# What is compound interest?

Compounding is process of  continuous earning generation on initial investment over a period time. Compounding requires you to reinvest your earnings and time to have a exponential growth yields over a long investment period. In other words, it is called “compound interest” effect where your money keeps growing on itself.

Albert Einstein once said “The most powerful force in the world is compound interest”.

Okay so let’s break all that compound interest down to its roots so we try to understand why Einstein allegedly made such a claim.

There are many formulas to calculate compound interest available for many purposes. Here I just want to show the simplest form of the calculation to help you understand what it is and how it works over time.

## Future Value = Present Value  *(1 + i)^n

Future Value: Total amount you get after a compounding period

Present value: initial amount you invest in

i: Interest rate earned per year

n: numbers of compounding period = number of years x compounding frequency

What does this formula mean?

It means that the money generated by your initial investment or interest is making money on itself, just as the your initial amount is doing over years. We assume the interest rate stays somewhat the same during your investment period, the longer you invest – higher number of years, the higher the n, the more your money get multiplied.

Compound interest effect will do its best when you invest over 10 – 20 years period. Again, I want to emphasize the “time” factor really matters here.

Now, we look at how this effect actually looks like with numbers.

For example: you invest \$17,000 to Bondora in 2017 with the interest rate 12% and you want to invest for 20 years. And we assume the interest rate is the same over this investment period, the compounding frequency is semi-anually, so interest is compounded 2 times a year.

Present value = \$17,000

i = Interest rate = 0.12 (%)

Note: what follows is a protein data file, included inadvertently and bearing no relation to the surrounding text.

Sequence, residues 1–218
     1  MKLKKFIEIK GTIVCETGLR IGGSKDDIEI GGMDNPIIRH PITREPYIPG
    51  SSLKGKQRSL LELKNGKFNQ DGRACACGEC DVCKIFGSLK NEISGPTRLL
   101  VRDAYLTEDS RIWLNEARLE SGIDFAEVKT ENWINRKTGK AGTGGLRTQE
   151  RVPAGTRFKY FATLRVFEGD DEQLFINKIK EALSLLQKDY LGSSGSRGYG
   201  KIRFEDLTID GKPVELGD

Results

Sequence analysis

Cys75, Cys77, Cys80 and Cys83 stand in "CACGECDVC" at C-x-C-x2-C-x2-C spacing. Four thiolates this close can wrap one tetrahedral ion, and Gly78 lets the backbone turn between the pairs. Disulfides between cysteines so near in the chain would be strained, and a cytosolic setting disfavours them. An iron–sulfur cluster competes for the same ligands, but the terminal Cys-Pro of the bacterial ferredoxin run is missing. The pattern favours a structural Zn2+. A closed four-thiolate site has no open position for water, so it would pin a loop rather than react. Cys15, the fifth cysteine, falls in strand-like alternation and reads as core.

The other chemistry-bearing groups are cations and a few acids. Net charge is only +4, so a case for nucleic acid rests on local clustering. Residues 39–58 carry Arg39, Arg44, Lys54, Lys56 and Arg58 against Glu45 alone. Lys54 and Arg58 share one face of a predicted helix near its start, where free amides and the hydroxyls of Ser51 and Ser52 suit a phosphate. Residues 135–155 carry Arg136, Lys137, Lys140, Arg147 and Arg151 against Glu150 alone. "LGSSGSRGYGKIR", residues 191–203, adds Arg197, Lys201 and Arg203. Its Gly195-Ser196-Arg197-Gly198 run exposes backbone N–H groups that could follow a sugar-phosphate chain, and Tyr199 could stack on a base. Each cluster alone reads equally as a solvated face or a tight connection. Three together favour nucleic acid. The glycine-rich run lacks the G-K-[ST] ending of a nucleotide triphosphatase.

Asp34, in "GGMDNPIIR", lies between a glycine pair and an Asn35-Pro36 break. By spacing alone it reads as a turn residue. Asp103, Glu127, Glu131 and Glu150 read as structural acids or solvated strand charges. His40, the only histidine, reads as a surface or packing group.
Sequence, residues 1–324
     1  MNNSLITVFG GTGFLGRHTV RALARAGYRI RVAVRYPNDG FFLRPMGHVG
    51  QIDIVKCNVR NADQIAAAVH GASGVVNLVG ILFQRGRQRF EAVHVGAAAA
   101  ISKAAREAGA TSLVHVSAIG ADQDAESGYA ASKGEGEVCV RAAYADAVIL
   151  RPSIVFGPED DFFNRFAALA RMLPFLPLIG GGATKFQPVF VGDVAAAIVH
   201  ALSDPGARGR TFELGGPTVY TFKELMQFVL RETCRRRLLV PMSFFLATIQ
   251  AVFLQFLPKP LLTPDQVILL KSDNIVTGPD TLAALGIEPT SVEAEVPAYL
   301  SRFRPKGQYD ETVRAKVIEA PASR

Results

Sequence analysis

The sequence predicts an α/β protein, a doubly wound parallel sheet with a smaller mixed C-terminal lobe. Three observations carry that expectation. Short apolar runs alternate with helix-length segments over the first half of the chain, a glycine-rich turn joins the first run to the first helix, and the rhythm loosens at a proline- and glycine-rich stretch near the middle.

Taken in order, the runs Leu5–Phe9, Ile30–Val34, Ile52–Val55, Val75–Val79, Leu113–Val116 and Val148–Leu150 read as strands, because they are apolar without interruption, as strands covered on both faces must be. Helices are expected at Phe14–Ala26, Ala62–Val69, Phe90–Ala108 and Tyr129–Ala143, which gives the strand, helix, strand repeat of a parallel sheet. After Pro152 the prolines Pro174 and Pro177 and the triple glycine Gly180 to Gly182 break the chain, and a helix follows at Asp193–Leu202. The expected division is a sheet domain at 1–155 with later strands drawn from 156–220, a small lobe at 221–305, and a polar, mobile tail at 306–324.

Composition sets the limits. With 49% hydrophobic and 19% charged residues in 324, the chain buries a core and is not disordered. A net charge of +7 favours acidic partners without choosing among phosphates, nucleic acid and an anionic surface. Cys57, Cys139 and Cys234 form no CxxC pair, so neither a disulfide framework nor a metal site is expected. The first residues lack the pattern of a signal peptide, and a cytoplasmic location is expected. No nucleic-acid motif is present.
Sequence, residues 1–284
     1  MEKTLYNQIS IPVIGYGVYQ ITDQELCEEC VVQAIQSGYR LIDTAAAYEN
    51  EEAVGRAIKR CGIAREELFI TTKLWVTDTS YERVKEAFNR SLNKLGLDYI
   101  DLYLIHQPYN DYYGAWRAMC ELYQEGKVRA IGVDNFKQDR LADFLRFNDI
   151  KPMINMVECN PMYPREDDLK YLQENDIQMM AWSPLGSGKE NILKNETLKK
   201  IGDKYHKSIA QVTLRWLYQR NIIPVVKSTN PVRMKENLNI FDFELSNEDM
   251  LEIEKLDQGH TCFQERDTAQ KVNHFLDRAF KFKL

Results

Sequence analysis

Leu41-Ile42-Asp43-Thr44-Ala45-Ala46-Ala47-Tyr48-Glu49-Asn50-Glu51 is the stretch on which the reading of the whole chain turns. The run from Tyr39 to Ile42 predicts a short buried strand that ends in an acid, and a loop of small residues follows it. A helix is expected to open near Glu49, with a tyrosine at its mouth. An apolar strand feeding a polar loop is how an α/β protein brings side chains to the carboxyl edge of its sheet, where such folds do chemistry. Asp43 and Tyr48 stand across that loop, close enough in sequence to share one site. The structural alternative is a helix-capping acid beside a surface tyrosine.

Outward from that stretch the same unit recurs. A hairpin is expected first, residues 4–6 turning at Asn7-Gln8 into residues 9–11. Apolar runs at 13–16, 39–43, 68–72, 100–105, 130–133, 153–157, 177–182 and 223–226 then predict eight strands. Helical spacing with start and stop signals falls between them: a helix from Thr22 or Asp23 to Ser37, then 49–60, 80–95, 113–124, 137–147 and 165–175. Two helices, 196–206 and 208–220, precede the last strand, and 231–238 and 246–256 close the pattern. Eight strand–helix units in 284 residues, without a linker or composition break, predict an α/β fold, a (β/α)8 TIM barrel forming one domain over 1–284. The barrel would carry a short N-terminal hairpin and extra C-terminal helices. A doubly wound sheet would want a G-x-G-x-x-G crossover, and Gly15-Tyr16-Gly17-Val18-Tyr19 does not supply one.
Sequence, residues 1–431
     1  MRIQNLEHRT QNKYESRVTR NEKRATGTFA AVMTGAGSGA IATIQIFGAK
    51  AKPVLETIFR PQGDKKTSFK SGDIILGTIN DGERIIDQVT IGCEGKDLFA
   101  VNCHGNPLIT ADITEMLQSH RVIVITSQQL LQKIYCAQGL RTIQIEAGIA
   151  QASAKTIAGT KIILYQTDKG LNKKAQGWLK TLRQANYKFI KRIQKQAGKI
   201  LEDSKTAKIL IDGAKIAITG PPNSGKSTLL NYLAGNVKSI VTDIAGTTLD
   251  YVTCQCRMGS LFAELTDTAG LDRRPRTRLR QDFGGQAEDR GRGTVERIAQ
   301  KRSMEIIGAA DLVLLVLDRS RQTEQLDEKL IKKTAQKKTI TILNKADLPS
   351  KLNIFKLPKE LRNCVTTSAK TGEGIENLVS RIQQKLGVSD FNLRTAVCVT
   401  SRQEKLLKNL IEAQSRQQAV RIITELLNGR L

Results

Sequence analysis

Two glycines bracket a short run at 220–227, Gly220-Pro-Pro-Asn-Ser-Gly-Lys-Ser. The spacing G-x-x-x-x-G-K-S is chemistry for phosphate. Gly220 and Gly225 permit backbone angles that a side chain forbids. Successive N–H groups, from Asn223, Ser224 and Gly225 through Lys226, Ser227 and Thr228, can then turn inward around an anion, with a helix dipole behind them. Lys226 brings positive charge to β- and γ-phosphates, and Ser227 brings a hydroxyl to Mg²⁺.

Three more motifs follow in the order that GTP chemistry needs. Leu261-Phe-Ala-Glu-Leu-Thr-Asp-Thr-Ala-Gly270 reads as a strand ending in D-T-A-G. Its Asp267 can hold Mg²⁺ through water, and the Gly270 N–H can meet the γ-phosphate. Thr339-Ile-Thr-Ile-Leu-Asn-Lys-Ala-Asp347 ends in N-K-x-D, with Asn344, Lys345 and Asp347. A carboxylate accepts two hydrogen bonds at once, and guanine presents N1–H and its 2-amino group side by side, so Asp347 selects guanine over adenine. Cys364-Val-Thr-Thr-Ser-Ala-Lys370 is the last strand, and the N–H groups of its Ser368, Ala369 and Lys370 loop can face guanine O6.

n = number of compounding period = year x 2

Year 1: Future Value = 17,000*(1 + 0.12)^2 = \$21,325

Year 5: Future Value = 17,000*(1 + 0.12)^10 = \$52,799

Year 10: Future Value = 17,000*(1 + 0.12)^20 = \$163,987

Year 15: Future Value = 17,000*(1 + 0.12)^30 = \$509,319

Year 20: Future value = 17,000*(1 + 0.12)^40 = \$1,581,866

We can see from year 10 onward, your future earnings will grow exponentially. Now we need to agree with Einstein that the force is strong with this onecompound interest.

The graph below shows the big difference between the normal interest (orange line) where you won’t make any cent on your earnings from the principle investment, and the compound interest effect (blue line).

For example you put money in a bank and every month you get 7% out of your bank and spend it or put it somewhere. Over the years, we have inflation and you see the money you get from normal, fixed interest rate grows a little bit.  If you use it invest somewhere else and beats the inflation rate, good for you. Otherwise this money will go into the wind without the compound interest effect because you spend on something or has been defeated by compound inflation rate. In the end, what else you get? Compound interest effect

“Compound interest is the eighth wonder of the world. He who understands it, earns it … he who doesn’t … pays it”

-Albert Einstein-